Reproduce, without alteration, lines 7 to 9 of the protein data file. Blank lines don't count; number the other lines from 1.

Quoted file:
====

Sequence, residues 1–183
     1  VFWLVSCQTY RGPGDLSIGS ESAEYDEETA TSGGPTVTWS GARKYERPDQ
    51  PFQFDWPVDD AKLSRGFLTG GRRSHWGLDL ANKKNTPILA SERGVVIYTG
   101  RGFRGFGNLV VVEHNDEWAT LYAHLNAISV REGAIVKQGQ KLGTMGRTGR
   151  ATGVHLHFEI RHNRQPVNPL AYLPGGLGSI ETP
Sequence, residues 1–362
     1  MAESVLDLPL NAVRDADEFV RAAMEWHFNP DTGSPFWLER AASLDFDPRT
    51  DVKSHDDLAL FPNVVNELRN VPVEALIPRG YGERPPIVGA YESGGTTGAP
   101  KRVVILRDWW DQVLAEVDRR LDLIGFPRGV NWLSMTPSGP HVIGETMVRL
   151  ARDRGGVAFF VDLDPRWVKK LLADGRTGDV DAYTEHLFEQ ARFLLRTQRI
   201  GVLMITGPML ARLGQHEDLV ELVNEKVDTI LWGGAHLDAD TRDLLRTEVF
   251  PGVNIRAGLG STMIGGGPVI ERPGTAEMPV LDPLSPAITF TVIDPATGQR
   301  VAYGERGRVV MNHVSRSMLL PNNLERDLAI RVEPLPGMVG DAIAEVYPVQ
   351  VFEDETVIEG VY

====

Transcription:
     1  MAESVLDLPL NAVRDADEFV RAAMEWHFNP DTGSPFWLER AASLDFDPRT
    51  DVKSHDDLAL FPNVVNELRN VPVEALIPRG YGERPPIVGA YESGGTTGAP
   101  KRVVILRDWW DQVLAEVDRR LDLIGFPRGV NWLSMTPSGP HVIGETMVRL